Day 29: The Bible

This post is part of “30 days of Giving Thanks” To read more within this series, click here.

bible

We are nearing the end of this series! As I indicated in my post about light, these last few posts are focusing on the greatest lights of all. I’ve talked about love and hope. Today, we are going to talk about the Bible.

There’s a new trend among Christians to say that the New Testament is not the inspired Word of God, but consider: the Apostles were handpicked by Christ, witnessed His death, burial and resurrection and possessed the miraculous gifts of the Holy Spirit. The Holy Spirit led them as the toiled to bring people the gospel. God has always preserved His message for generations yet unborn. The Bible is His preserved message for us, and I am thankful that I have ready access to it. There are more manuscripts of the New Testament than any other ancient historical document. God protected His message and I trust that He would not leave us in the lurch.

The light of truth

The Bible—all 66 books—brings us the light of God’s truth. Sometimes I wish that God’s expectations were laid out for us in a neat little list, but then we would seek to justify ourselves instead of depending on God’s grace. It is the glory of God to conceal a matter, but the glory of kings to search it out. God wants us to dig through His Word and learn step by step, day by day, what He wants for us. It’s a life-long endeavor, but those who seek, find.

Truth is not relative. There is one truth: God’s.

Knowledge of God

Why do we study the Word? Our primary purpose should be to know the Lord. Every book teaches us about Him—His faithfulness, His steadfast love, His justice and His mercy. We see His hand working with the proud and the lowly. Nobody can thwart His plans. We learn that we can truly trust the Lord in all circumstances.

Life-saving instruction

In the Bible we see God has had a plan for us from the beginning of time. We see how salvation is to be received. We learn how to obey God the way He wants us to obey. We just need to have open eyes and a heart set on seeking His will and not our own.

I am thankful that God has preserved His Word for me and for the rest of the world. I am thankful for this beacon of truth that hasn’t been destroyed.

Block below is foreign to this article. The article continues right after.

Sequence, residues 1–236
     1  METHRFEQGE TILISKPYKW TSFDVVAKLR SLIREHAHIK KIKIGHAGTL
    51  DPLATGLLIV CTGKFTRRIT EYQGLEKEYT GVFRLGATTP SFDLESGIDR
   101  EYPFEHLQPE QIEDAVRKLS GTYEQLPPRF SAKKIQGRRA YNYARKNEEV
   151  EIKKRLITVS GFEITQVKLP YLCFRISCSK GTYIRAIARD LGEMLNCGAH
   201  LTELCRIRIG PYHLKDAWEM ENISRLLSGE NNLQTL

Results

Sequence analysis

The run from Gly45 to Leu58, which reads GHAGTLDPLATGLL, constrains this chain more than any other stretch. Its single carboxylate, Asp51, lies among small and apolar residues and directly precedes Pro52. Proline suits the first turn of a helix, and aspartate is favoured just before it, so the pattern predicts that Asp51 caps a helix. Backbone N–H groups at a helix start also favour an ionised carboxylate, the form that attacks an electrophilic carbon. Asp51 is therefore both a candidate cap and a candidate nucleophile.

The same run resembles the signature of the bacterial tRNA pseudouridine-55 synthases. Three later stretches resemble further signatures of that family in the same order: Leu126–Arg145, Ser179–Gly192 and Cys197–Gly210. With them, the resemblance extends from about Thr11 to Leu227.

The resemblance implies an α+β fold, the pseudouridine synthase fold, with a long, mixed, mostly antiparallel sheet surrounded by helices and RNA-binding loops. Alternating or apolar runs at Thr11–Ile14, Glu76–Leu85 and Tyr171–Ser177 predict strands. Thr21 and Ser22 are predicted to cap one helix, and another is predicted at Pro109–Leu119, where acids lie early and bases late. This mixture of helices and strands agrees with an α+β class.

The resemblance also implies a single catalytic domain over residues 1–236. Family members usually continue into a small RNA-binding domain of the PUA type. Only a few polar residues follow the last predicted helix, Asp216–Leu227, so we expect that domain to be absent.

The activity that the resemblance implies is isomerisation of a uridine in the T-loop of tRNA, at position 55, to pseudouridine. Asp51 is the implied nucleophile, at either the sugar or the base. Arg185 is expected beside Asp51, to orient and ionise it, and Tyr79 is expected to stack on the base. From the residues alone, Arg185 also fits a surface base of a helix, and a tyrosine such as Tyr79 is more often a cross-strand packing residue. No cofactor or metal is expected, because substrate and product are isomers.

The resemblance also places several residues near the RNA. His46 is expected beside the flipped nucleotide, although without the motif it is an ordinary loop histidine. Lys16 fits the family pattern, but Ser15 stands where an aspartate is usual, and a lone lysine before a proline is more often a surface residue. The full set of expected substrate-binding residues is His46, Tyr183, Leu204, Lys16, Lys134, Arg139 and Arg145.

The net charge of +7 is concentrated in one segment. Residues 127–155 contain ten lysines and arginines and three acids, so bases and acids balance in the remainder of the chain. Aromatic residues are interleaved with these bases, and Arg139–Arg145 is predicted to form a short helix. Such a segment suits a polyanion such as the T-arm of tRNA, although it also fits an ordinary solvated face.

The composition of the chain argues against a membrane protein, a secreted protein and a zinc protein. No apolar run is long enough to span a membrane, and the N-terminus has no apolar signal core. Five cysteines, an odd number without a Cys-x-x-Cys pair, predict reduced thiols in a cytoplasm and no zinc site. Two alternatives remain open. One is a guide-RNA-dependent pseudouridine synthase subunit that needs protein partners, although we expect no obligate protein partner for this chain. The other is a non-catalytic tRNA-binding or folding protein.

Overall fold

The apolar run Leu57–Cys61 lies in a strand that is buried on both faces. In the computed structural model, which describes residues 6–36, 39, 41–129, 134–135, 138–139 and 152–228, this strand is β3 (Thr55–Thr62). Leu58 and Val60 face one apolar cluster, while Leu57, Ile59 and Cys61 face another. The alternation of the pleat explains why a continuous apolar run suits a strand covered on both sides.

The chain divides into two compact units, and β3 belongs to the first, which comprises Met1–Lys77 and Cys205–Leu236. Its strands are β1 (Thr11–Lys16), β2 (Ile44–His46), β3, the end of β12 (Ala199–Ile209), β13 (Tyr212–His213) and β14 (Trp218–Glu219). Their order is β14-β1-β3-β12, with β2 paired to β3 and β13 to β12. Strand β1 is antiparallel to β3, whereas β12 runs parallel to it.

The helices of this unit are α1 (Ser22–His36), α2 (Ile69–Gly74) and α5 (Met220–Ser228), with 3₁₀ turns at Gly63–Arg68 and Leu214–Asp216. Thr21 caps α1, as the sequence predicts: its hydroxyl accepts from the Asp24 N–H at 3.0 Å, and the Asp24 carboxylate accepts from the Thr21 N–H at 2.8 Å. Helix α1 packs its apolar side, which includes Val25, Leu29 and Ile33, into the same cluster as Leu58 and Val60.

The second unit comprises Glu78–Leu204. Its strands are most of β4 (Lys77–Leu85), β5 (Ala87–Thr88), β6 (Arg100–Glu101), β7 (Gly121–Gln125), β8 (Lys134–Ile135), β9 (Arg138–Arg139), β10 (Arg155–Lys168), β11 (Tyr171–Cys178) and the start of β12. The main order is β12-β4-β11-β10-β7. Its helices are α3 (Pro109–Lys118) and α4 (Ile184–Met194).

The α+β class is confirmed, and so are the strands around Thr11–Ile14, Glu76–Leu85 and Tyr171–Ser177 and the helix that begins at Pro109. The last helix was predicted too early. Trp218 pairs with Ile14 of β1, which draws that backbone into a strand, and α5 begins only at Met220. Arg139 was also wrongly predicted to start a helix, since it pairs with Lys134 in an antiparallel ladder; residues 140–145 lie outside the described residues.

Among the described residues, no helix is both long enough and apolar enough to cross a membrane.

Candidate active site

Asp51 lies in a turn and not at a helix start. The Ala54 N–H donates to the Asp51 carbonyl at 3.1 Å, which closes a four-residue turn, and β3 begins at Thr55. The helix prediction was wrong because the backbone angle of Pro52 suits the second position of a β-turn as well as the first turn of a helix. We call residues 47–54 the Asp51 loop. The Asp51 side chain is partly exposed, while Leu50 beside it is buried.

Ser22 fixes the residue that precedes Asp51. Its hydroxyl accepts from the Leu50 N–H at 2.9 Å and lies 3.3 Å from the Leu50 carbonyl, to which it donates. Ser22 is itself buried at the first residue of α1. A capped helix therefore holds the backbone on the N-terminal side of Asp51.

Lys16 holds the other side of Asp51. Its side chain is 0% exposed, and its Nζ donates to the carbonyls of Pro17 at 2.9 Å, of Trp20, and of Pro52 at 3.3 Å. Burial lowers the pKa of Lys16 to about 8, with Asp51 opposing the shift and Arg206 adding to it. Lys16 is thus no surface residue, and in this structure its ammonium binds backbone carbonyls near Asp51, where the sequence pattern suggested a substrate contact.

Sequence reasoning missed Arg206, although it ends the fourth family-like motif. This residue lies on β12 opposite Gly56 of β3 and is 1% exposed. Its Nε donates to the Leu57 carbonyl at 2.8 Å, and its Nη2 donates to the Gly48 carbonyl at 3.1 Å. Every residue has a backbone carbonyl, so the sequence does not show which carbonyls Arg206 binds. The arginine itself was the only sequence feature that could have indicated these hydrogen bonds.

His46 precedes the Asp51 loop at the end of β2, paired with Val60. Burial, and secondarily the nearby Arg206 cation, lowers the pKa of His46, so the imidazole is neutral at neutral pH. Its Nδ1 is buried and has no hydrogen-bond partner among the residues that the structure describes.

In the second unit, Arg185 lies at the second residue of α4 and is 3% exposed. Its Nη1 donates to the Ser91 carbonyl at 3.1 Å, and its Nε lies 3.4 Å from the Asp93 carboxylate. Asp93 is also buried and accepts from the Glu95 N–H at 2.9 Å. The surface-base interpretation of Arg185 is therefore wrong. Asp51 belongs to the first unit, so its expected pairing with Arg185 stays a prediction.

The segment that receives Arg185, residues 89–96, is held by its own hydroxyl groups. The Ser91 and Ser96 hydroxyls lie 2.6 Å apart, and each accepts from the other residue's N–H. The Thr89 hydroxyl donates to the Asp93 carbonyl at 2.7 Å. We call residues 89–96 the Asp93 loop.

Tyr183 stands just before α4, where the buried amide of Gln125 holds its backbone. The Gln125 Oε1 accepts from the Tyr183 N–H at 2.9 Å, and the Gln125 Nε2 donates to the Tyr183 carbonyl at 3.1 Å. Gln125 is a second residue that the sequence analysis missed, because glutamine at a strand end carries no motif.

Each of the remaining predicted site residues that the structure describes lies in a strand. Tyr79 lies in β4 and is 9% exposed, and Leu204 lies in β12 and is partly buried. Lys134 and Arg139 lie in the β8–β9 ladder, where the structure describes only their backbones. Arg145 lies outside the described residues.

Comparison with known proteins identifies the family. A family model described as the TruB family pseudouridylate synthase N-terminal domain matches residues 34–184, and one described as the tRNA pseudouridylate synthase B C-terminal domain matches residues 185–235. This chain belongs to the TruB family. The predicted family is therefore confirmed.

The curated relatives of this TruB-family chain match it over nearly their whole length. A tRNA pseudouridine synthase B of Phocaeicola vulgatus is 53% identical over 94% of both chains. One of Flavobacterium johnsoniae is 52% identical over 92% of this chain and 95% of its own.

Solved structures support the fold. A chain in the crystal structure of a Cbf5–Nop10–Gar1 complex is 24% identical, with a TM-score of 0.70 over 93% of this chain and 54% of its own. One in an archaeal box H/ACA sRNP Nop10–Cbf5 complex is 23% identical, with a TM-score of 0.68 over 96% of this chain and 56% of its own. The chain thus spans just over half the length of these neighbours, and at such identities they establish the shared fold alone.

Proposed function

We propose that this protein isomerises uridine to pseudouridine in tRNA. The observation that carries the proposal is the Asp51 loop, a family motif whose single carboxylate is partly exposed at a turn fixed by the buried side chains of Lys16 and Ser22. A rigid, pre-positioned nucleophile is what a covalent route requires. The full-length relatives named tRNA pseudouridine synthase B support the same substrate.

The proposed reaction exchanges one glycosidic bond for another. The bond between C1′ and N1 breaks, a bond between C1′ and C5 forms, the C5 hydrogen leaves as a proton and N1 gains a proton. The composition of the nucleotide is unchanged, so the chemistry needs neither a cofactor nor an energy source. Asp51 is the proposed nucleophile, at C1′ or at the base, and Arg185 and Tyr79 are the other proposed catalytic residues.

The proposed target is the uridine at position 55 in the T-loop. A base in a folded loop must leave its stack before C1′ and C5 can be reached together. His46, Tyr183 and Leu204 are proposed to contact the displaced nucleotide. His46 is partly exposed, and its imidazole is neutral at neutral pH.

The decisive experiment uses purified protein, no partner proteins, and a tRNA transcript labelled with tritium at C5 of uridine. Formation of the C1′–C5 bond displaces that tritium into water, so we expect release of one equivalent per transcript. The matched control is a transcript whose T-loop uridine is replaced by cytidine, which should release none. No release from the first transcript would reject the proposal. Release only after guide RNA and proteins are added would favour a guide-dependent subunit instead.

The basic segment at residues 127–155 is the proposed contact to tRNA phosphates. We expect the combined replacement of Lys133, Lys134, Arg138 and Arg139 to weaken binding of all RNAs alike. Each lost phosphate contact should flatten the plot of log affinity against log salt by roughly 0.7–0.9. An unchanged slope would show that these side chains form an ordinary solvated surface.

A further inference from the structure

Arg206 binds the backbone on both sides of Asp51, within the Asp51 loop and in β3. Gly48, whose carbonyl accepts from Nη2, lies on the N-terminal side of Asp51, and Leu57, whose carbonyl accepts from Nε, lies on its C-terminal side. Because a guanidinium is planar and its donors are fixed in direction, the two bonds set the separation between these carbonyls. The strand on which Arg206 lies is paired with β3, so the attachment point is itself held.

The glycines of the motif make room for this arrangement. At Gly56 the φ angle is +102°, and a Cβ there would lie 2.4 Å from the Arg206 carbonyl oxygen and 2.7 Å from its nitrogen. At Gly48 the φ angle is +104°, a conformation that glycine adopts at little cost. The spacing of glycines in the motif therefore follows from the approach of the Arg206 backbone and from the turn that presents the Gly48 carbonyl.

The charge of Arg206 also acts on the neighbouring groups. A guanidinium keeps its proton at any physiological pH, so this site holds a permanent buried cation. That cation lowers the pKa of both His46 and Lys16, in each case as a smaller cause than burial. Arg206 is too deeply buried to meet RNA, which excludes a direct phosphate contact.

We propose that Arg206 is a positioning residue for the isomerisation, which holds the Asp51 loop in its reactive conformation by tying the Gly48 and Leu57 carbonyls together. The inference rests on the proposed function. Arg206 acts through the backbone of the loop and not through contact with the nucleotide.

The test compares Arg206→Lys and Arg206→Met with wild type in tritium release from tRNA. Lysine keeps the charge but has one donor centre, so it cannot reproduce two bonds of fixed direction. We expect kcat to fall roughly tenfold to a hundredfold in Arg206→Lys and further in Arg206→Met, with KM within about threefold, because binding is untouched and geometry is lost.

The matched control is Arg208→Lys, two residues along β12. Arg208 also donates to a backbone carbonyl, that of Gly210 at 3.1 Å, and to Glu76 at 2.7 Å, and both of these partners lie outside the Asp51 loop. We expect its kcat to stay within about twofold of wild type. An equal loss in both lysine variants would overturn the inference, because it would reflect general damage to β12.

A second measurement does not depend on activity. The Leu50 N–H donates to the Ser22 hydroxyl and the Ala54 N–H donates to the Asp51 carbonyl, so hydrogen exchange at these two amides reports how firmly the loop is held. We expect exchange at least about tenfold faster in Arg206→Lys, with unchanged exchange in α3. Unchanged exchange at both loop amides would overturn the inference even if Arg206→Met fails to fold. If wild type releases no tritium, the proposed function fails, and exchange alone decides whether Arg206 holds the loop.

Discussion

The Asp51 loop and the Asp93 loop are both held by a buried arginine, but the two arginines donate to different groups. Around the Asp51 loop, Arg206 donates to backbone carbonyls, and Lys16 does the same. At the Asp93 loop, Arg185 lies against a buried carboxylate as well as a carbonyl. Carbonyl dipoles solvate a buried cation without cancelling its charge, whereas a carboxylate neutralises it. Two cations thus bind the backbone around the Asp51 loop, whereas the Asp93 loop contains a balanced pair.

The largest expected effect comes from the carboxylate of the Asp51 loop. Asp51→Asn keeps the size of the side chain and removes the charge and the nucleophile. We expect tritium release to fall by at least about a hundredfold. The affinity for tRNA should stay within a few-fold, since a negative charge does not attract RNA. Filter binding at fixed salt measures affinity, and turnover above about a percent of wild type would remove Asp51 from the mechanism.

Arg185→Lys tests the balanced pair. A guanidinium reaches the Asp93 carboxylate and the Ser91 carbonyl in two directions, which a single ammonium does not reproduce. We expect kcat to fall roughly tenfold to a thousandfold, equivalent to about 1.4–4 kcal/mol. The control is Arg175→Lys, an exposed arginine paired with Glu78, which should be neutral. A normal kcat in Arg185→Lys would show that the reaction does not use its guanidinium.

Day 28: Hope

This post is part of “30 days of Giving Thanks” To read more within this series, click here.

image
From The Return of the King, New Line Cinema.

An innumerable horde of creatures besieged the city of Minas Tirith. Dark clouds fill the sky. Ominous pounding reverberates through the courtyard as the orcs and Uruk-hai attempt to penetrate the large doors. The situation is desperate. The men quake with fear but stand ready to fight. The stench of death surrounds them. Despair is palpable.

Pippin, the hobbit, turns to Gandalf the wizard and says, “I didn’t think it would end this way.”

Gandalf looks kindly at the hobbit and remarks, “End? No, the journey doesn’t end here. Death is just another path, one that we all must take. The grey rain-curtain of this world rolls back, and all turns to silver glass, and then you see it.”

Pippin’s face reflects his confusion. “What? Gandalf? See what?”

“White shores, and beyond, a far green country under a swift sunrise.”

“Well that isn’t so bad,” Pippin says.

Gandalf smiles. “No. No it isn’t.”

In that dark and desperate moment, Gandalf gave Pippin a glimmer of hope—an expectation of better things.

In another scene, the Rohirrim (the cavalry) appear on the hillside. As the horses begin to move forward into the fray, rays of sunshine break through the gloom as though hope for victory has finally come.

That particular series of books and movies overflows with scenes contrasting light vs darkness, and despair vs hope. On some level, we can all relate to these moments. How often have you been at the brink of utter ruin, only to be saved from destruction? Has life ever seemed purposeless? meaningless?

For the Christian, we remember that life for us was aimless before Christ. Without Him, we faced death (and life) without hope. In our cushy country, most of us have never faced starvation or persecution—at least not since the end of World War II. There is this sense that all will be well. There is confidence that the government will protect and provide. Either that or we’ll pull ourselves up by our own bootstraps. That’s misplaced confidence.

What would happen if all those “supports” were suddenly destroyed? In what or in whom would people place their hope?

We have an unshakeable hope. A confident expectation for better things. And it isn’t here in this decaying world!

What is the Christian’s hope?

A hope that defies circumstance.